State Ed tells schools to stop using team names, mascots depicting Native Americans

State Ed tells schools to stop using team names, mascots depicting Native Americans

The New York State Education Department has ordered school districts to stop using mascots, team names or imagery depicting Native Americans by the end of the school year or risk losing state aid.

The guidance issued Thursday to school districts statewide by Senior Deputy Commissioner James N. Baldwin stems from a court case involving an upstate school district that sought to keep its “Indians” team name, logo and mascot and challenged the state in court but recently lost the case.

“The court’s decision establishes that public school districts are prohibited from utilizing Native American mascots,” Baldwin said. “Arguments that community members support the use of such imagery or that it is ‘respectful’ to Native Americans are no longer tenable. Those school districts that continue to utilize Native American team names, logos, and/or imagery without current approval from a recognized tribe must immediately come into compliance.”

The state gave districts until the end of the school year to replace their current team names.

“Should a district fail to affirmatively commit to replacing its Native American team name, logo, and/or imagery by the end of the 2022-23 school year, it may be a willful violation of the Dignity Act. The penalties for such a violation include the removal of school officers and the withholding of State Aid,” Baldwin wrote.

Tela Troge, attorney for the Shinnecock Nation in Southampton and director of the tribe’s health and community services, called the state’s action “long overdue.”

 “No longer will Native American children be subjected to a mockery of their heritage by the misappropriation of their culture while participating in sports and engaging in their day-to-day learning environment,” Troge said Friday. “The inclusion of the enforcement mechanism of revoking state aid bends the arc of justice in favor of New York’s tribal nations and their children.”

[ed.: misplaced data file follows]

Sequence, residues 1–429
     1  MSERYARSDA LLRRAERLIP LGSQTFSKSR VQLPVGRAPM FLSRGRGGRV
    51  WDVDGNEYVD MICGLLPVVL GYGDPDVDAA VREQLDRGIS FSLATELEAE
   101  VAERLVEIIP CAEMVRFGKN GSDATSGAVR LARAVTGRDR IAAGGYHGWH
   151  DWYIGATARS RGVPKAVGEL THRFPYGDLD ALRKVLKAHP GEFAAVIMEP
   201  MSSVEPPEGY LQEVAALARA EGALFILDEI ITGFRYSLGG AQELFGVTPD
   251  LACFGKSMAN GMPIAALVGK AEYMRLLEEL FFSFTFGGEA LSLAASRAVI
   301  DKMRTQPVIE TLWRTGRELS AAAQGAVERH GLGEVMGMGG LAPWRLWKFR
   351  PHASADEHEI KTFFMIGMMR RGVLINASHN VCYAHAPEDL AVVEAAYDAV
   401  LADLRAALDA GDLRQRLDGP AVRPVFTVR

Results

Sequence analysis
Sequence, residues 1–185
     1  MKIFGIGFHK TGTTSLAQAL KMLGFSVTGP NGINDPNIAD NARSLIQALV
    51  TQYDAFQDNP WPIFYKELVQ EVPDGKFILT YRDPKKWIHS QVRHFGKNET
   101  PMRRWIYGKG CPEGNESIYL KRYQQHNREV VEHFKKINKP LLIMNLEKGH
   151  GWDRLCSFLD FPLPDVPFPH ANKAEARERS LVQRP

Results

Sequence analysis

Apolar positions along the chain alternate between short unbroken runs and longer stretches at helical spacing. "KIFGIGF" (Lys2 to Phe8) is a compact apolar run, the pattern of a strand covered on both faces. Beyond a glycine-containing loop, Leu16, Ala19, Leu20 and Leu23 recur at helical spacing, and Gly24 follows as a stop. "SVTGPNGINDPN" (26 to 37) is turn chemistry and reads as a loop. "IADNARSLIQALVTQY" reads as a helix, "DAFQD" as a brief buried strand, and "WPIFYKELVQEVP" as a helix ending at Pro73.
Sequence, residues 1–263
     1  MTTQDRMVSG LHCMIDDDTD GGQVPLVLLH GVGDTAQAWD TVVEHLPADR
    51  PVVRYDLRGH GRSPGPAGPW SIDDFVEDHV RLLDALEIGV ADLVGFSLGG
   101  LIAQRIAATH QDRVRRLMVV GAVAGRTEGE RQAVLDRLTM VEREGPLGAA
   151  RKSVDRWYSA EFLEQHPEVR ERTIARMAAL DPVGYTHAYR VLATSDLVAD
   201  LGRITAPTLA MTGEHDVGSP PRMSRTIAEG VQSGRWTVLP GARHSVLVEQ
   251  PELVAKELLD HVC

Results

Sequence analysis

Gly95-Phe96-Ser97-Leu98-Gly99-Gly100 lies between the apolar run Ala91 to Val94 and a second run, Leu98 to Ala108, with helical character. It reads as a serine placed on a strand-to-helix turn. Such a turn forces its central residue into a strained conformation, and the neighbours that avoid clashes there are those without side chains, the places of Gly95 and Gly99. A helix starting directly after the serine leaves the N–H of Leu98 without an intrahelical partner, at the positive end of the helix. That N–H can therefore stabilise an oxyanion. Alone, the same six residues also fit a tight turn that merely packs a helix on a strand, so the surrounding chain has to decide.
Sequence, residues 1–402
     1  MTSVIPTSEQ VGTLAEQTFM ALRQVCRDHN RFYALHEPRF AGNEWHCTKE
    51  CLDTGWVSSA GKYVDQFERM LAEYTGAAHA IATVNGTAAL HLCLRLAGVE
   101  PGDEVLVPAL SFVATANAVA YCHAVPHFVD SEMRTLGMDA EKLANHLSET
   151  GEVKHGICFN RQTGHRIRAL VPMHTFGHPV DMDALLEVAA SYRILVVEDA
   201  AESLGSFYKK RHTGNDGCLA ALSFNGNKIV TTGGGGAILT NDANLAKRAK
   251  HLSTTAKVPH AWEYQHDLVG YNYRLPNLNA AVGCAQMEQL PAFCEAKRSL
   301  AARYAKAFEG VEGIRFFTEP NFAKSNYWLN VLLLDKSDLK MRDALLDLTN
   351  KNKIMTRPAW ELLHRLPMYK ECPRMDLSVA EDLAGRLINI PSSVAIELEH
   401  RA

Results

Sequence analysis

Sandi Brewster-walker, executive director of the Montaukett Indian Nation, said schools faced with changing team or other native names need to understand why they’re doing it.

“It’s an education moment, and it’s bigger than just changing the name,” she said. “It’s learning about who we are.”

There are several petitions on change.org asking that some Long Island school districts, including Brentwood, Manhasset, Sewanhaka, Massapequa and Syosset change their team names.

In Massapequa, home to the “Chiefs,” school officials said in a statement Friday that “the District is in receipt of SED’s memo and is in the process of reviewing it and consulting with counsel.”

In East Islip,  Superintendent John Dolan said in a statement, “This has been an ongoing topic of conversation in our community. The district is aware of the recent directive given by SED and will review the material and discuss next steps in consultation with our legal counsel.”

Dolan in a telephone interview with Newsday said that over the past two years the district has been replacing the Indian headdress logos that used to hang on the school buildings and on most of its athletic fields and offices.

“We know this is a serious and very important issue and we want to be sensitive to all parties concerned,” Dolan said. “All four of our elementary schools, the middle school and the high school have the same message now, ‘Welcome to East Islip. Home of EI Pride.’ And our outdoor signage has the same message on our fields.”

Two years ago, the Shelter Island school district Board of Education voted to retire the “Indians” name for its teams, which are now known as the Islanders.

The movement to retire the Indians name in Shelter Island was brought forth by both former and current students at the time, said Kathleen Lynch, the former Board of Education president who remains a trustee. The vote to change the name was unanimous after the students campaigned for the effort.

“It was a rough time, very divisive,” Lynch said. “But the kids — as always  — led the way. Our students here are really engaged in this community because it is so small and if there is something to be addressed, they are always at the front of it.”

The issue was raised in 2001 by then-Education Commissioner Richard Mills, who asked boards of education to “end the use of Native American mascots as soon as possible.”

Many school districts have heeded the directive and retired their mascots, but other school districts have not complied, according to the department.

After extensive study in 2020 and 2021, the upstate Cambridge district voted to retire its “Indians” team name, logo, and mascot in June 2021. It reversed itself in July 2021 upon the election of a new board member. Community members challenged this action in an appeal to the commissioner of education. The case went to the Supreme Court in Albany County, which ruled in favor of the state.

Several professional sports teams have come under fire in recent years for their nicknames and imagery.

In the NFL, the Washington Redskins announced in 2020 that the team would change its name and logo after FedEx threatened to remove its name and sponsorship from the stadium where the team plays. The team played as the Washington Football Team for two years before changing to the Commanders before this season.

MLB’s Cleveland franchise rebranded to the Guardians from the Indians this past season. MLB commissioner Rob Manfred has defended the name of the Atlanta Braves and the fans’ use of the “tomahawk chop,” saying that the team consulted with local Cherokee leaders who said they see it as a source of pride. Many Native American leaders have pushed back on that idea.

With Gregg Sarra and Mark Harrington

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